Cool-down treats

With the start of summer and holiday plans on the horizon, many of us begin the season with the intention to eat more healthily – or at least, as fresh as possible. When the weather is mild, it couldn’t be easier to up your five-a-day, and with so much amazing local produce in season, we’re spoiled for choice. 


But as the months drag on and the temperature rises to sweltering, it can take the willpower of steel to resist the temptation to buy all the ice cream van has on offer. And when you’re warm and lethargic, the idea of rustling up a healthy snack can feel like a bit too much of an ask. 

These two recipes are personal favourites for when the weather grows unbearable. When you or your family are running out of energy and need something cool, you can make these in a matter of minutes. Best of all, the ingredients are super affordable – in fact, you likely have most of this in stock already!

Healthy ‘sundae’

Serves 1

This deceptively simple fruity snack is quick to prepare or can be made ahead of time and stored in the fridge. It will be enjoyed by all ages, but also makes a great afternoon snack for the little ones in your family.


  • 150g plain Greek yoghurt
  • 150g fresh or frozen berries (defrosted)
  • 1 small banana
  • 25g oats (around 3 tbsp)
  • 1 tbsp chopped walnuts
  • 1 tbsp sunflower or pumpkin seeds


  1. Place around a third of the yoghurt into the bottom of a 250ml drinking glass.
  2. Add a third of the berries, layering them on top of the yoghurt.
  3. Slice a third of the banana to make the next layer of the sundae. Sprinkle on a third of the oats.
  4. Repeat steps 1–2 twice more until the ingredients are used up. Sprinkle the top of the sundae with the walnuts and seeds.

Tip: You can adjust the ingredients as necessary to make mini versions for the smaller tummies in your family. Or turn it into an activity and make them together!

Banana ‘ice cream’

Serves 1

This healthy dessert can be made in seconds, as long as you pre-freeze the sliced banana for a minimum of 2 hours or until frozen. Bananas can be stored in a freezer for up to 1 month. 


For the ice cream:

  • 1 frozen banana, sliced 
  • 1 tbsp peanut butter (100% peanuts), optional 

For the toppings:

  • Handful of fresh or frozen berries
  • Chopped nuts or seeds
  • Toasted oats 


  1. Place the banana slices in a food processor or blender, and pulse until it is blended and creamy. For an extra shot of protein and flavour, add a tablespoon of peanut butter while blending. Be sure not to over-blend. You want to be able to scoop the mixture into bowls. If it becomes too soft, put it back into the freezer to set.
  2. Scoop two balls of ice cream’ into a bowl. Sprinkle with your chosen toppings and serve immediately.

Tip: This contains no added sugar, but blending the banana increases the ‘free sugars’ in the recipe (this occurs when a food is processed and the naturally occurring sugars are separated from the nutrients). To protect your smile and keep your pearly whites healthy, drink some water when enjoying this snack.

The healthy bit

These cooling recipes are easy to make and are very satisfying when the heat is on. They are also a great way to increase your fruit intake and add some more variety to your diet.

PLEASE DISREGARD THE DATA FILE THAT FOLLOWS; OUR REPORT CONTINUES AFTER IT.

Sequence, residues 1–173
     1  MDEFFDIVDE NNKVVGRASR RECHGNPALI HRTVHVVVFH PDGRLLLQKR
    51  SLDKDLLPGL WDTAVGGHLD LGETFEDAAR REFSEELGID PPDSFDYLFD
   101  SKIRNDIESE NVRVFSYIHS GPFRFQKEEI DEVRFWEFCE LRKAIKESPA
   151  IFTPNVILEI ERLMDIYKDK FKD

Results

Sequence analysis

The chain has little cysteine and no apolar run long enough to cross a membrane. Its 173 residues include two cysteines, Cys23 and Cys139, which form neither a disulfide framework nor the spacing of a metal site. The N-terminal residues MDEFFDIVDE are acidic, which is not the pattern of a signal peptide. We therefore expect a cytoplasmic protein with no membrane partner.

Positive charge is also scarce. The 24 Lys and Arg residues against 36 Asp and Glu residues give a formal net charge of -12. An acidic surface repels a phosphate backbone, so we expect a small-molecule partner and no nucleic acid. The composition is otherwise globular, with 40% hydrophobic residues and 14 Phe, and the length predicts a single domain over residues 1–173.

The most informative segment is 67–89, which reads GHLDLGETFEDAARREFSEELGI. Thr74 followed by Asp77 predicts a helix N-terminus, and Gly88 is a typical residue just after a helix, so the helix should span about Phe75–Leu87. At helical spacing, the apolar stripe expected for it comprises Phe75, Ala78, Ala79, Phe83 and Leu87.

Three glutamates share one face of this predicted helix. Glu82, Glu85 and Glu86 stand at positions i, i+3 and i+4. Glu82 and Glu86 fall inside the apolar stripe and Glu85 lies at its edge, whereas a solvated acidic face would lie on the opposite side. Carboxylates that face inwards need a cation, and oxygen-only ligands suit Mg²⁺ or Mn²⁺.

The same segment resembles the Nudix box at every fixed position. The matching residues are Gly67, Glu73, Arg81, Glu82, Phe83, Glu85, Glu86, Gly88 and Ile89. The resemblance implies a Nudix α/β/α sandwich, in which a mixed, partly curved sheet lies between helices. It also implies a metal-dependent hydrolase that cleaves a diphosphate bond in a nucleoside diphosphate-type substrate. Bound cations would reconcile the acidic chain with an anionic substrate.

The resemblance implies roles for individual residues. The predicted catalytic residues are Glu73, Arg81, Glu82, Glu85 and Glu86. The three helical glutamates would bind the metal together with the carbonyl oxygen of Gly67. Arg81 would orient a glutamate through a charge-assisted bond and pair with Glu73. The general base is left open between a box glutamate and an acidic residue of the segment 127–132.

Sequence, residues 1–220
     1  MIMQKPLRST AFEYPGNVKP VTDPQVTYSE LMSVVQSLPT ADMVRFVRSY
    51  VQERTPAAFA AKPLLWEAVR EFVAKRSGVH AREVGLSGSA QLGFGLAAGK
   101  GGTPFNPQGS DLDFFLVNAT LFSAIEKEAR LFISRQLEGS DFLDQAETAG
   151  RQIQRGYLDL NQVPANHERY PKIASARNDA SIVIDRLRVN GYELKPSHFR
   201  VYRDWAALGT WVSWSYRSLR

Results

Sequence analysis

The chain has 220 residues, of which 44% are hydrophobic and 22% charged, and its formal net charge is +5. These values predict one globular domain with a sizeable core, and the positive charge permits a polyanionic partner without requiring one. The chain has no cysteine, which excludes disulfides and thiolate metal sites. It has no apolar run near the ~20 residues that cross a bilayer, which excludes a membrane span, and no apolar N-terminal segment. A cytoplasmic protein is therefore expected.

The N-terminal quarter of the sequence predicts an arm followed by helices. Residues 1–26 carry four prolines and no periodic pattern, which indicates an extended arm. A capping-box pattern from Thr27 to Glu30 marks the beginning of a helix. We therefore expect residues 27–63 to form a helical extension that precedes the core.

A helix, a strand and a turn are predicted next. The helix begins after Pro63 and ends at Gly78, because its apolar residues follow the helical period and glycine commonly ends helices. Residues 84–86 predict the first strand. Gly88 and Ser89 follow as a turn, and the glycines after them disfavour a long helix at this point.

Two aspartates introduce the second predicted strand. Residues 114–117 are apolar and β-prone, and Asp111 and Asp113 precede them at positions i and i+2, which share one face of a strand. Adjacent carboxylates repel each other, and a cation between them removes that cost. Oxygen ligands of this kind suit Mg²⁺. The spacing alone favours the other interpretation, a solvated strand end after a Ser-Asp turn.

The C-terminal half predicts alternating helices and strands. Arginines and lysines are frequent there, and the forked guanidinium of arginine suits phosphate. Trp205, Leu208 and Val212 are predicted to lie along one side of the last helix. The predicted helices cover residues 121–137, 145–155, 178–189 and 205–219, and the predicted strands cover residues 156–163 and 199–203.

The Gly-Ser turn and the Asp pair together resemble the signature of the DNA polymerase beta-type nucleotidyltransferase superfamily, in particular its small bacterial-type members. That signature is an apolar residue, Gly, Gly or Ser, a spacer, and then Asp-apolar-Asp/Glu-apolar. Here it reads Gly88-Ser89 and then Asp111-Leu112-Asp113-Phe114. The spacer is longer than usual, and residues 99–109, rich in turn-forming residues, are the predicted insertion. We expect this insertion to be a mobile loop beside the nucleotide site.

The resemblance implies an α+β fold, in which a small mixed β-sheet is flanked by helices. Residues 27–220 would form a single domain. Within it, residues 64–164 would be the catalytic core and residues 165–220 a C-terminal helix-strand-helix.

The berries and bananas are packed full of nutrients, particularly potassium, magnesium and vitamin C. They are also a good source of fibre and slow-digesting carbohydrates. Oats are a great source of carbohydrates and soluble fibre which helps to release energy slowly, keeping your blood sugar levels stable. Oats’ soluble fibre – in the form of beta-glucan – helps to lower your cholesterol and promote gut health. Oats are also extremely nutrient-dense and contain important minerals such as phosphorus and copper.

Peanut butter, nuts, and seeds are all rich sources of protein, fibre, and healthy fats. They also help to increase satiety while we eat. Of course, adding Greek yoghurt to any snack will contribute a healthy source of calcium and protein to your diet.

Each of these cool-down snacks is also great to eat for recovery after a tough workout, especially when you are melting from the heat and you can’t face eating too much. The carbohydrate in the fruit, oats, and Greek yoghurt will be stored as glycogen, helping to top up depleted energy and maintain energy levels throughout the day. While the protein in the yoghurt, nuts, and seeds will help to repair tired muscles.

With the right balance of carbohydrates and protein to aid your recovery, you will be ready to face the next workout, and the heat, again.

This article was published in Happiful Magazine (Issue 74). You can order print copies online, or read the e-magazine for free on the Happiful app.

Looking for more inspiration? Visit our Recipe hub.

The views expressed in this article are those of the author. All articles published on Nutritionist Resource are reviewed by our editorial team.

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Milton Keynes, Buckinghamshire, MK5
Written by Suzanne Anderegg, RNutr
Milton Keynes, Buckinghamshire, MK5

Suzanne is an experienced registered nutritionist (RNutr) accredited by the Association for Nutrition. Suzanne is passionate about helping children and families achieve a healthy diet and meet their individual health needs.

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